Review: Hunger Makes the Wolf

Outlaw witches involving themselves in labour disputes against authoritarian capitalists may sound a tad too tailor-made for current times, but this novel by Alex Wells (aka Alex Acks) has been brewing for over a decade. The multiple apparent mash-ups (Matewan meets Dune? The Molly Maguires meets Avatar? Butch Cassidy and the Sundance Kid visit Tatooine?) could have made for a very fragmented novel but almost surprisingly the story gets tighter as it progresses and the novel stakes out it’s territory as its own.

I have to say that I stalled initially with Chapter 1 which crams in a lot about the central character Hob – a member of an outlaw gang of mercenary bikers on a remote mining planet, who also has psychic powers and one eye. It felt like it was trying too hard to paint a single bad-ass character. However, this is misleading. Hob emerges as a woman of depth and complexity but primarily due to the more quietly introduced character Mag. Hob’s adoptive sister and former friend, appears initially as a contrast with Hob, fewer overt features, initially less in control of events around her and less easily described in a sentence. Yet Mag and Hob’s friendship forms the central emotional relationship of the story and this achieves both greater depth of characters and a sense of connectedness between the various groups of people on the planet.

To the story: its the future and interplanetary travel is controlled by a single corporation, which uses quasi-psychic ‘Weathermen’ to navigate trans-dimensional rifts. This same company has monopolistic control over a mining planet, Tanegawa’s World. Dry, and dusty and prone to dust storms and strange magnetic phenomena, Tanegawa’s world struggles to operate modern technology outside of its one big city. Brutality and tough working conditions, have led to a growing air of discontent between the mining towns and the corporation. Meanwhile, the Ghost Wolves operate as a kind of mercenary gang of bandit/vigilantes, selling ‘services’ to the miners that the corporation won’t provide (including rough frontier justice). Led by Old Nick, the gang includes Hob, a woman who shares a secret with Old Nick – they both possess some kind of ‘witchy’ psychic (pyrotechnic) power mysteriously connected to the land itself.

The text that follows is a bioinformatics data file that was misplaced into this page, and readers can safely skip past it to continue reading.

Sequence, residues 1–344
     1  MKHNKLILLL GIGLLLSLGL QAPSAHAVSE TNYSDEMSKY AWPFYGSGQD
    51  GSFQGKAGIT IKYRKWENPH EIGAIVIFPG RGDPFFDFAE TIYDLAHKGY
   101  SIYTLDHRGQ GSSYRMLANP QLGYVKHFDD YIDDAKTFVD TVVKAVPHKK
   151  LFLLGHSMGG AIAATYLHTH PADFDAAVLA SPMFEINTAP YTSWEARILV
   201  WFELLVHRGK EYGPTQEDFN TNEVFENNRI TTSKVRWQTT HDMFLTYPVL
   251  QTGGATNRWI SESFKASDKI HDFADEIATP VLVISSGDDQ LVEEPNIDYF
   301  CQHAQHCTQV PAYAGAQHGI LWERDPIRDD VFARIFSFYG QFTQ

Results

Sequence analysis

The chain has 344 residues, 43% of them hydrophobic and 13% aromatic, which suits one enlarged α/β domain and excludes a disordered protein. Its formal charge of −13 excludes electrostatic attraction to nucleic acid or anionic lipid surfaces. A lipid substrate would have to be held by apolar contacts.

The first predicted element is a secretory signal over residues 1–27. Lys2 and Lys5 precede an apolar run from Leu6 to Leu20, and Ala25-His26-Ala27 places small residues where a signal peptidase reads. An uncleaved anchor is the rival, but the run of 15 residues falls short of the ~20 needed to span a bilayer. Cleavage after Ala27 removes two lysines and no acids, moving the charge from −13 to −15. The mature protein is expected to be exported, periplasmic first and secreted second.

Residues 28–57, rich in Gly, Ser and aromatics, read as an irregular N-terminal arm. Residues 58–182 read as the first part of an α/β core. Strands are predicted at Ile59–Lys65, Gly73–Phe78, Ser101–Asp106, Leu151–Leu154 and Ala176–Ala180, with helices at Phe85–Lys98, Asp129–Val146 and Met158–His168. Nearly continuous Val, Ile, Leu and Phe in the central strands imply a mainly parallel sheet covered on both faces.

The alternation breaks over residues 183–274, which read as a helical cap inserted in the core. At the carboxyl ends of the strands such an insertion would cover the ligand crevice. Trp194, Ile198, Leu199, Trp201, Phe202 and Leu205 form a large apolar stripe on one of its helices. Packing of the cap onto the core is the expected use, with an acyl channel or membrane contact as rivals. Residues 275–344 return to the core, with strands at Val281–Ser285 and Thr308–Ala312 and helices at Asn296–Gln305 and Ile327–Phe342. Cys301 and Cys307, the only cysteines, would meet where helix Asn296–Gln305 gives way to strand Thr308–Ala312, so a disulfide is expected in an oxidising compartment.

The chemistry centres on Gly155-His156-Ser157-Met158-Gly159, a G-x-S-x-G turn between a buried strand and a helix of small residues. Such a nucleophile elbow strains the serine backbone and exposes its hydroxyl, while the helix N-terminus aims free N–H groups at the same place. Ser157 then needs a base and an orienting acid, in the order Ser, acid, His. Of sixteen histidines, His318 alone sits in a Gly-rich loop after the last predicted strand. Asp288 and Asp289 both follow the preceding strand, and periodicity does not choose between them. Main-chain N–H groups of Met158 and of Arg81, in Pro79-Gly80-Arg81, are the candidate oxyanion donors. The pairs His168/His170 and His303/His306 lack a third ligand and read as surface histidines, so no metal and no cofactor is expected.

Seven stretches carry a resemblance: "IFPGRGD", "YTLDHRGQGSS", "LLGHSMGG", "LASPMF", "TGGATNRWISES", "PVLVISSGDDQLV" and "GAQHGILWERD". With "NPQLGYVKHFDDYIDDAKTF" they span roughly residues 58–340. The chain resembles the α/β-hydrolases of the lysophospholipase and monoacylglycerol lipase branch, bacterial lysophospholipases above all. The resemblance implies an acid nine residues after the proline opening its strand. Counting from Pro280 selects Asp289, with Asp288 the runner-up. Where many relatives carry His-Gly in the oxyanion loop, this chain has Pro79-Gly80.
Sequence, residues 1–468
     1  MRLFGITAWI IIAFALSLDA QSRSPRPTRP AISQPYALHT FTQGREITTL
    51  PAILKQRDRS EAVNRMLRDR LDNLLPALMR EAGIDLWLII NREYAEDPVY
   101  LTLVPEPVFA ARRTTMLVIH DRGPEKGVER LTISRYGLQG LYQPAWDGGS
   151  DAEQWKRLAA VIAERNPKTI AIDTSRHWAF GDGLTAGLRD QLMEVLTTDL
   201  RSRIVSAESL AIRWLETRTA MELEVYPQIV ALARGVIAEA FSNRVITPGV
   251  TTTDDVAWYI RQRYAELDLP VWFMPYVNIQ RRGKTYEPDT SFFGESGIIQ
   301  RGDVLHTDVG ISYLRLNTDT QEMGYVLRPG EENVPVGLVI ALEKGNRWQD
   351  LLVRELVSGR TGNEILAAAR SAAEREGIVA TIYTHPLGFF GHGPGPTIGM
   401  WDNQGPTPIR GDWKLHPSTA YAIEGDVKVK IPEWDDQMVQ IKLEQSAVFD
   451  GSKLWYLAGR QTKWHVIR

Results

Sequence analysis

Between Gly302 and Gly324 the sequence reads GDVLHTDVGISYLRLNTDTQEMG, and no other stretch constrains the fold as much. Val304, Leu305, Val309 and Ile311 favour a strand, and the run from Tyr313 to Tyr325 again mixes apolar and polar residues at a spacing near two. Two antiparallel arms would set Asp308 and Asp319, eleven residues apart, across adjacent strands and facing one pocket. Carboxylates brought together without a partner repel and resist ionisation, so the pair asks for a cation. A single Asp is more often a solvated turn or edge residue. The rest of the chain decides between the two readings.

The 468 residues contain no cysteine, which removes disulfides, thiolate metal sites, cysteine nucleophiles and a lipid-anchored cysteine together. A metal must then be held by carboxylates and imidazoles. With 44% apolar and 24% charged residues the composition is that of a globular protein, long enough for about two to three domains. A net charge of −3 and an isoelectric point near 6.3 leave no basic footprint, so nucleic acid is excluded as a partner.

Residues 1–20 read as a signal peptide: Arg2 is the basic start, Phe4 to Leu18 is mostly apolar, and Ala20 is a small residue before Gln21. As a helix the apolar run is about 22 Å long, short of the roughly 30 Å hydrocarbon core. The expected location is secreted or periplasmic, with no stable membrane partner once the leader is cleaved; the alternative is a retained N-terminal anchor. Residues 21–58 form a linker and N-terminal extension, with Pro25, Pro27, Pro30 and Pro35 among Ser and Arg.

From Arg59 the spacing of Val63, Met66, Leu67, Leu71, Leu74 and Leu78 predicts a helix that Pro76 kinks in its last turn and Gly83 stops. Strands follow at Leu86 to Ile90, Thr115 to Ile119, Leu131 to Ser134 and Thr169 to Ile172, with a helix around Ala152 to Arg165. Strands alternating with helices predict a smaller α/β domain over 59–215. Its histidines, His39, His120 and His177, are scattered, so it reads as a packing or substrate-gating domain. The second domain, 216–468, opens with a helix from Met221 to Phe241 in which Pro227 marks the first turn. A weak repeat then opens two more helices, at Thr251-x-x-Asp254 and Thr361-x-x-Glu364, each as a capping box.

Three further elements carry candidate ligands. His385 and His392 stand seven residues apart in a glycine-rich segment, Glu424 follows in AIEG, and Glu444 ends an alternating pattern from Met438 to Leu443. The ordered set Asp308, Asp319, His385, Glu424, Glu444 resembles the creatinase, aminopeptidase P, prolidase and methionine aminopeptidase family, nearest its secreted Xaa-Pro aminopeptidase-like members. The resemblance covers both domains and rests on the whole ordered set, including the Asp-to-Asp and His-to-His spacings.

The sense of a Western is quite overt and again, I found it initially distracting until I got into the rhythm of it. The set-up of Tanegawa’s World’s strange properties allows this nineteenth-century vibe to make sense within the wider universe of high-tech space travel.

By the end of the novel, there is still a lot left unanswered (in particular what the heck are those blue crystals?) but with an action fuelled crescendo of a finale, it is hardly disappointing to reach the end of the book knowing that there are plenty of pieces ready for the sequel. Again, what felt in Chapter 1 to be a book about a single character, turned out to have me emotionally invested in the fate of multiple people (e.g. Coyote – and his spoiler who is spoilering for the spoiler but actually spoilering for the spoilers).

Really enjoyable.

[Also: I stopped part way after I got distracted by the nonsense from our Rabid friends around the Corroding Trashfire. Goodness – if you want to appreciate somebody’s prose, try reading some crappy Vox Day book rapidly for a couple of days and THEN go back to a book with an intelligent author and some proper production values. Wow, returning to Hunger Makes the Wolf after that and the prose felt like it had been spun out of gossamer strands of crystallised honey. ]

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3 comments

  1. Mark

    I particularly like the way the Space Opera trope of FTL depending on a human with special talents *because of reasons* gets used to create the weird in weird western as well – a really clever use of genre.

    Like

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